Many people never bothered to find out what is this Israel and who comprises it; besides, peace with it was perceived as a matter for the kingdom and governments. The kind of peace that is irrelevant for the masses. It was seen as a sort of financial agreement between the ruler and some kind of dark and imaginary kingdom, a shadowy fortress whose outrageous existence can only be seen on television channels.
This is also why it's so easy to hate it, as it is easy to hate anonymous terms or people.
However, the new position of the Israeli government, which demands recognition of both parts of the "two-state" slogan, is placing a mirror before Arab societies for the first time. This is an important development that must be insisted on at any price.
The need to recognize Israel as a Jewish state or as the Jewish people's state will force the Arabs to make a decision, look at Israel, and understand what it's all about. Is there a Jewish people? Most Arab community leaders would say: Not at all, just like Mahmoud Abbas or Saeb Erekat believe; at most, there is a Jewish religion, and perhaps Jewish culture. However, in order to get their own state, they will have to recognize this people, its identity, and its national movement – that is, Zionism. They will have to start to truly take interest in it, in reality and not in the world of illusions.
These are tasks that were never required of the society around us, and therefore we had a cold and sterile peace, vis-à-vis the regime only, along with a limited economic elite made up of those who enjoyed personal perks as result of the peace.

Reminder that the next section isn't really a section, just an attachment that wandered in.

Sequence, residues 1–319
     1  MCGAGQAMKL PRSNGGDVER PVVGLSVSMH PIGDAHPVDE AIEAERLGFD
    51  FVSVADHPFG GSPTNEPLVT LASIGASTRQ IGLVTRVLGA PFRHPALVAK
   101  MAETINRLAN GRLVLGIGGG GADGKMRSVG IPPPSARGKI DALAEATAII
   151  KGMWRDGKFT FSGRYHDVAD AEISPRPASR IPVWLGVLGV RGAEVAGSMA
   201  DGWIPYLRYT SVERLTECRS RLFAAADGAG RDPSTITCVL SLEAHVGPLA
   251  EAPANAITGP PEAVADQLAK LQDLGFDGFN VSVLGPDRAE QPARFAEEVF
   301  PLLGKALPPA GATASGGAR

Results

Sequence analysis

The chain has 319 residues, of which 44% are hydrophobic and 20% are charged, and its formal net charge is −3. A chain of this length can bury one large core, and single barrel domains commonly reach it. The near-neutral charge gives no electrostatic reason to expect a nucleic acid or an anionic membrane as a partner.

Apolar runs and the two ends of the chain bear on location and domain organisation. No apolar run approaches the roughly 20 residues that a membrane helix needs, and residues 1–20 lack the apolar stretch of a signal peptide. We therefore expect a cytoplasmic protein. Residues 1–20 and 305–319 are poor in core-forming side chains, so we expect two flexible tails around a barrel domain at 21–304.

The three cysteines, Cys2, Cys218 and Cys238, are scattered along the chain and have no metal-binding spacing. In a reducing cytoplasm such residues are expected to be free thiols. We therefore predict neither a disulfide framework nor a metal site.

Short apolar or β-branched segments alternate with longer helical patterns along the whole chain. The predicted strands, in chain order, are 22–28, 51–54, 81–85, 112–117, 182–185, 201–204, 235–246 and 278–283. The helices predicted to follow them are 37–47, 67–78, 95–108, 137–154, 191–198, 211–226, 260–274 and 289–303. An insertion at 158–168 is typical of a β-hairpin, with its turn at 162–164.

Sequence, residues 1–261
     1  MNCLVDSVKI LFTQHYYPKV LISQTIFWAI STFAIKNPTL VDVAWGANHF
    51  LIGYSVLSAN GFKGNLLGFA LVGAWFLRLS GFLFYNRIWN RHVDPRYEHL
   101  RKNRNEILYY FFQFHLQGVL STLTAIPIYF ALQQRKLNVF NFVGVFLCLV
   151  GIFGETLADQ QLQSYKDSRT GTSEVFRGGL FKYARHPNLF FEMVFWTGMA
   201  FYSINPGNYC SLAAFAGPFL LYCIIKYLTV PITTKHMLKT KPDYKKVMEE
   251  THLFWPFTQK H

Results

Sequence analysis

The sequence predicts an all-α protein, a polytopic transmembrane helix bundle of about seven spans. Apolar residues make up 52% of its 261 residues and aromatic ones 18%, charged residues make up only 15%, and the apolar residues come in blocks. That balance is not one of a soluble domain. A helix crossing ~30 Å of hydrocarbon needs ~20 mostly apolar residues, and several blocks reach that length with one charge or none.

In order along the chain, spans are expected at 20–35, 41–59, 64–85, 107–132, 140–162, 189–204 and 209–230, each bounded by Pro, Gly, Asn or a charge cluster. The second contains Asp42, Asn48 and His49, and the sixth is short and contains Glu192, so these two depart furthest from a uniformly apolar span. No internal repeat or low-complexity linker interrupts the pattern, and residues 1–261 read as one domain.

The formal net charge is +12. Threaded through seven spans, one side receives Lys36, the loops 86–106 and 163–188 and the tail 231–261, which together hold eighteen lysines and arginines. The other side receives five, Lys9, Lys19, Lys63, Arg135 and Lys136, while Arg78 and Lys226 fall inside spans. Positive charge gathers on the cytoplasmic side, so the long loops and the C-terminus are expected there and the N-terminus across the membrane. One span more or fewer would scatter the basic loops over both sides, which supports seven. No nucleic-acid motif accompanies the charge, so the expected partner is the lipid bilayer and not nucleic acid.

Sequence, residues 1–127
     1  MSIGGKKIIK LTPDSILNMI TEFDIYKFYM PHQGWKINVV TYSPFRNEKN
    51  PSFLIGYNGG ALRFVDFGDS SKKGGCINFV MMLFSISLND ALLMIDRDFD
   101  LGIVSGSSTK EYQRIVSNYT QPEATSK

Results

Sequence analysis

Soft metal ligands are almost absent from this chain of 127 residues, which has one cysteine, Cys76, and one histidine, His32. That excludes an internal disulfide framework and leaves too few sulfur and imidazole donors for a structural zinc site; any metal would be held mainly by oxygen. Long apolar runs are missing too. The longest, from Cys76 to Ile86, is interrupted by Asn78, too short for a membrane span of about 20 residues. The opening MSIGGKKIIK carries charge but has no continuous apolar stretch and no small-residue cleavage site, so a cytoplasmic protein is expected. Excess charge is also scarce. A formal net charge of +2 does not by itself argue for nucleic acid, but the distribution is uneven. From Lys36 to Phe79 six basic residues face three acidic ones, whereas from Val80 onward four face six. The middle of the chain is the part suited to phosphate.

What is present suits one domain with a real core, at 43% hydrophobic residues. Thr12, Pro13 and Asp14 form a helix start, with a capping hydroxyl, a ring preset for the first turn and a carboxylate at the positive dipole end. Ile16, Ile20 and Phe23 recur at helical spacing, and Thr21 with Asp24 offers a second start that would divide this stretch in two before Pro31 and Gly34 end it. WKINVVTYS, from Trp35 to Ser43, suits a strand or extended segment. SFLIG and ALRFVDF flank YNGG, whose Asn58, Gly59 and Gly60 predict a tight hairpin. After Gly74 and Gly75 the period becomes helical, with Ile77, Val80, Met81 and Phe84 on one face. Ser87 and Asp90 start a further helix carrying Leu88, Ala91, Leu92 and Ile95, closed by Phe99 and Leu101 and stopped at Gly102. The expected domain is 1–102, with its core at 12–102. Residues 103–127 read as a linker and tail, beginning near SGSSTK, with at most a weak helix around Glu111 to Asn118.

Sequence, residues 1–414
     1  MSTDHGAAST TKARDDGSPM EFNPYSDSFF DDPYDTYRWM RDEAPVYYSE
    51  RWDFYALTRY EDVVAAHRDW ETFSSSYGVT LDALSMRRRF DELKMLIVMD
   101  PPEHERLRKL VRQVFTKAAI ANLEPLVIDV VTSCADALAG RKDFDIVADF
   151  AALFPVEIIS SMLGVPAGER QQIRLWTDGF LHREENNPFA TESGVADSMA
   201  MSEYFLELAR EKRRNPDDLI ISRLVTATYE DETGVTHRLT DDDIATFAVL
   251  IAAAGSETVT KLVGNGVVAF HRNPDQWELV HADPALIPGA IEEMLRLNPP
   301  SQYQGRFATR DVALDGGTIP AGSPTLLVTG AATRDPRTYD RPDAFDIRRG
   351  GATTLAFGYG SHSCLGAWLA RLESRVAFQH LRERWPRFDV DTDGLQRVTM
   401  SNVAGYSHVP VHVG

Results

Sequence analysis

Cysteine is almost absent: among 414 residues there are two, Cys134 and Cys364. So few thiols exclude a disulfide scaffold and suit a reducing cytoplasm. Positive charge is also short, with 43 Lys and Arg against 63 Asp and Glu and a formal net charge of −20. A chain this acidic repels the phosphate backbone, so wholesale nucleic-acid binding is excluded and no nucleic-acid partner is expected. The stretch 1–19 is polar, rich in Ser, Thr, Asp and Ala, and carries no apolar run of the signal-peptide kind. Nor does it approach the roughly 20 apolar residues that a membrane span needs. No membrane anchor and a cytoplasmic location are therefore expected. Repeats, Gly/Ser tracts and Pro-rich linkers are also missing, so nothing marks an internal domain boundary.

In the Arab online community at least, the first discussion since Israel's establishment is taking place at this time on the question of whether Israel exists, and whether it should exist –as a Jewish state no less. This is what the slogan "two states for two peoples" is all about. Yes, the Jewish people is also a nation, and the Arabs will have to accept it, without the compromises of the failed Oslo Accord. For that reason, Israel must insist at any price on both sides of the equation, as Prime Minister Netanyahu is wisely doing at this time.
Placing a mirror in front of someone is a moral thing to do. In my view, this is the only way for the Arabs to understand that they have not approached Israel properly to this day, assuming they looked at it at all.
If such demand is made, and they rejected it to this day, what does it say about them? That they're racist? Unwilling to recognize the other? Living in an imaginary reality? They claimed that Israel is imaginary, but perhaps they are the ones who are imaginary and unrealistic? After all, up until now they claimed that Israel is the racist one, yet by rejecting the existence of a Jewish people they are in fact being exposed as racist. It's not easy for them.
The new formula requires them to see Israel in a realistic light. It has a right to exist, it is home to 7.5 million people, and it has an economy, life, culture, and existence. This isn't easy for those who grew up with blatant anti-Semitic norms or with cold disregard for this Israel. The mirror placed before them teaches them about themselves.
They are not looking at Israel now, but rather, at themselves. And they don't like what they see. Yet they have no choice: Without this, there would be no Palestinian state and no agreement.
It's about time that after more than 60 years, the educational process of peace with the Arab world is underway. It will be long and difficult, as real educational processes tend to be, but there is no escaping it. There are no shortcuts here; it's unavoidable.